I used to play a lot of Arenas when I played WoW, and the strategic element was huge. The commitment, however, was equally huge. I had to spend so much time in-game, and I was also raiding at the time, and it was just too time-consuming. The mix of this playstyle, with the idea of timed matches, and a little bit of FPS style and speed is really cool. What is even more exciting is how it looks like it's incorporated a lot of neat things to add tons of depth to the game. At this point, I can only hope th game will turn out as good as it could.

As per my usual disclaimer, this is not comprehensive. I only talked about a few of the things I am excited about, and thought that maybe some other people that may have missed it might have their interest piqued.

Fury Preview: The First MMOPvP(OCMODSHOP)
Developer Friday: Fury Hands-on (IGN AU)
Fury Preview - E3 2007 (Ten Ton Hammer)
New impressions on this massive PVP online game. (1Up)   read

11:46 AM on 09.12.2007

Why Are Games So Easy? Pt. 2

When I wrote Pt.1 to this series, I was talking about how games have evolved from small skill-based games with high scores to more story-driven games with lush worlds and believable characters. Today I will be discussing the difference between the difficulty of a game and the difficulty to complete a game.

What makes a game difficult?
In the early days, sometimes it was actually just bad programming or design that made games difficult. I'm sorry, but I honestly can't think of any examples. I will instead refer to Game Design Essentials: 20 Difficult Games. Here is an example of how bad game design can make a game difficult (not to mention frustrating). In The Adventures of Lolo, a puzzle game, a gameplay mechanic is never introduced to the player before it is needed. The move allowed a player to respawn an enemy to a new location, which would allow the player to continue to the next level.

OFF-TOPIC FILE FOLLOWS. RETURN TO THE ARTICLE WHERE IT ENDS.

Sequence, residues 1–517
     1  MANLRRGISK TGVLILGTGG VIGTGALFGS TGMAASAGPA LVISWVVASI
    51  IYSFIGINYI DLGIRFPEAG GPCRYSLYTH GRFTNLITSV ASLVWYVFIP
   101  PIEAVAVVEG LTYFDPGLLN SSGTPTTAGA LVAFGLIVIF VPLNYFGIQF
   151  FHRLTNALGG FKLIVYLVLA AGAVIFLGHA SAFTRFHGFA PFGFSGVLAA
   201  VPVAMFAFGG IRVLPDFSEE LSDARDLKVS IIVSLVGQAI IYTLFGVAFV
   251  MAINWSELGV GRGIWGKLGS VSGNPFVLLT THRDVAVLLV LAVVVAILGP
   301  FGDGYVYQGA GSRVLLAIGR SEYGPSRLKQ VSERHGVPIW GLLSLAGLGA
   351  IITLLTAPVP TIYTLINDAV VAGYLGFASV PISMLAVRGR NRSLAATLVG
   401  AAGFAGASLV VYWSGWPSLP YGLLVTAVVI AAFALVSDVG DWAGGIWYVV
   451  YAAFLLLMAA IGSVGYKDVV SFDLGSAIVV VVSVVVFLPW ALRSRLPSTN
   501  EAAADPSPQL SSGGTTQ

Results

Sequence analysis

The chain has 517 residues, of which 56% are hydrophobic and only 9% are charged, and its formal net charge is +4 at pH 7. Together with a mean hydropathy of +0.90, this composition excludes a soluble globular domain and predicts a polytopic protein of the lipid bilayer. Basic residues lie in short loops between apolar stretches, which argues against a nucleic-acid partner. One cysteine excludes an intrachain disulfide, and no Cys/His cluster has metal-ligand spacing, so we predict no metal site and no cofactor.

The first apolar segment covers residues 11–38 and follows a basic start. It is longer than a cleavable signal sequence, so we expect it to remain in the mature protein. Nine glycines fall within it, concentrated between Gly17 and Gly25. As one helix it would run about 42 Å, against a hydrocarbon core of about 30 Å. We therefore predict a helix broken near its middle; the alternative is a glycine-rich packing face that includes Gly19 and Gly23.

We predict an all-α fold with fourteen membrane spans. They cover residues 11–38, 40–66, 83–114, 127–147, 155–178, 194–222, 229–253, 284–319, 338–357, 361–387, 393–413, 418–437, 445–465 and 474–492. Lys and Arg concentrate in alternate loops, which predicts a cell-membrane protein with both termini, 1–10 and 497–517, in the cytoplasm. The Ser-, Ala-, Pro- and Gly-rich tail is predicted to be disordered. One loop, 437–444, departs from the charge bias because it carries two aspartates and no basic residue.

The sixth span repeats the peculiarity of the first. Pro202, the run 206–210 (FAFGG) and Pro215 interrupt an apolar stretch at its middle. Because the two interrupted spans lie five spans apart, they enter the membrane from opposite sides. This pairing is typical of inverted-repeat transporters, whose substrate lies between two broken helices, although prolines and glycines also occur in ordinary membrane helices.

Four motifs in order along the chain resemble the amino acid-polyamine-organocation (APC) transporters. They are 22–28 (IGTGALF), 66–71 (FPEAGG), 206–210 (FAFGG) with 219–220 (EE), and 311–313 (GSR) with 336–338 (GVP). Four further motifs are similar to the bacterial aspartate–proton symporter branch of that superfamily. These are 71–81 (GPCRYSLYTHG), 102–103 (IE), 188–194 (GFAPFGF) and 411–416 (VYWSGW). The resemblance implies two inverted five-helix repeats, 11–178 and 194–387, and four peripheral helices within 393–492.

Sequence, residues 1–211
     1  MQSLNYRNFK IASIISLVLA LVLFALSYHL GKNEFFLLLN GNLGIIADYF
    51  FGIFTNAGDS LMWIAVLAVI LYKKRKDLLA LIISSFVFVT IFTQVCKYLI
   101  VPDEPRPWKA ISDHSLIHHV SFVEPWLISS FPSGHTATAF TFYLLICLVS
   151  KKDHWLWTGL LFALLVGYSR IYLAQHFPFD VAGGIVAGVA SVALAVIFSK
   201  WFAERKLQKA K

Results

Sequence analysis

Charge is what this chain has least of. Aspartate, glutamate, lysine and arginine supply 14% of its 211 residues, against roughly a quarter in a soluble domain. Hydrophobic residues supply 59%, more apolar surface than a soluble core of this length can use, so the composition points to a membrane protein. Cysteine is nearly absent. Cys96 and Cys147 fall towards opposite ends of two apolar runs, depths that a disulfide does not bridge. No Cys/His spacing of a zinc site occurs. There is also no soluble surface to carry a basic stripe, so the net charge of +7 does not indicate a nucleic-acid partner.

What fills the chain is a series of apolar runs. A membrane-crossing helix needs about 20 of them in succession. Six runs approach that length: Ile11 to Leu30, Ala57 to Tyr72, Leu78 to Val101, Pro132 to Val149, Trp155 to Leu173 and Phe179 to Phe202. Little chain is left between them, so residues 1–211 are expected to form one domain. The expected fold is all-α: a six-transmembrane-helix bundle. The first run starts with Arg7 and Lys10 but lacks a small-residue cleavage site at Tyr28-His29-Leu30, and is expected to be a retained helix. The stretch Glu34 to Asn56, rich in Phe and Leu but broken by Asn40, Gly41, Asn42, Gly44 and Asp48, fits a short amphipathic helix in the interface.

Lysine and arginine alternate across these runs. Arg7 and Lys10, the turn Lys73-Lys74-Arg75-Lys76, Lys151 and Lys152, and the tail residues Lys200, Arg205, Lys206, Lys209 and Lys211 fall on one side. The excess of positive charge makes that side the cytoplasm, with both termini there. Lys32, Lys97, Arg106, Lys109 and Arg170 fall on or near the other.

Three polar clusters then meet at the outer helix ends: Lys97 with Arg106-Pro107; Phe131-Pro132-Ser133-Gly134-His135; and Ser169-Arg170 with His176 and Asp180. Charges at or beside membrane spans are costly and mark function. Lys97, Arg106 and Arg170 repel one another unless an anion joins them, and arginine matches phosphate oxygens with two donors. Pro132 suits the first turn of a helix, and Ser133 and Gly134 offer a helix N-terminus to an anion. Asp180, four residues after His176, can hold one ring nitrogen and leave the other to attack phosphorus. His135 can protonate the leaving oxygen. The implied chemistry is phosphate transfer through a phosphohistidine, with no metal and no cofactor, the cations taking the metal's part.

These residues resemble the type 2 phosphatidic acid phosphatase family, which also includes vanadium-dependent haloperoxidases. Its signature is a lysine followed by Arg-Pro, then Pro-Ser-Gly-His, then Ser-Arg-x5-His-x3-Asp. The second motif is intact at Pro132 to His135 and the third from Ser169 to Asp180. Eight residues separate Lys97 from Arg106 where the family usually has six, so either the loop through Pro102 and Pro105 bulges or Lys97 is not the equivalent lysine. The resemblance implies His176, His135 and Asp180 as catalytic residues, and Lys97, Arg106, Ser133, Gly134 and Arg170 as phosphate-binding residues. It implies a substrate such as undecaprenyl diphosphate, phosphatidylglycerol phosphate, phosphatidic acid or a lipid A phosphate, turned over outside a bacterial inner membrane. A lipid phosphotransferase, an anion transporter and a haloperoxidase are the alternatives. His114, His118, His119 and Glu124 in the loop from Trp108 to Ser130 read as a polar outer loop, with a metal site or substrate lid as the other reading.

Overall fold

"It's another example of a puzzle game cheating, when theoretically they should play fair and introduce all the essential elements before they become important. To perform the trick: use two shots to destroy a Snakey, or other shootable monster, then push a block over its original space. Most levels this causes the monster to die permanently when it regenerates, but on a few boards it will instead appear elsewhere, usually in a place it would be impossible to put it otherwise."

Not every hard game was a victim of poor design, however. So I go back to some of my favorite challenging games; when I think of what made Contra a difficult game, there are two things that stand out in my mind: reflexes and chaos. Enemies constantly spawned and charged across the screen, sometimes shooting at you along the way. You couldn't just jump a bullet without first checking your jumps trajectory, as well as your landing area. You couldn't just duck under the bullet either; you might get trampled by a newly spawned enemy right behind you. Then again, get the spread gun and you're golden. Probably a better example of this is the notoriously difficult Ikaruga. The amount of onscreen action that you have to pay attention to is enormous. There are hundreds of bullets flying across the screen (half of which can be absorbed, half of which will kill you. You can change your polarity at any point), and it is really distracting from the rest of the level. You need to be able to focus not only on the bullet placement and colour, but while you do this, you also have to watch out for the environment. Lose track of one or the other and you're toast. Oh, and don't forget to shoot ;)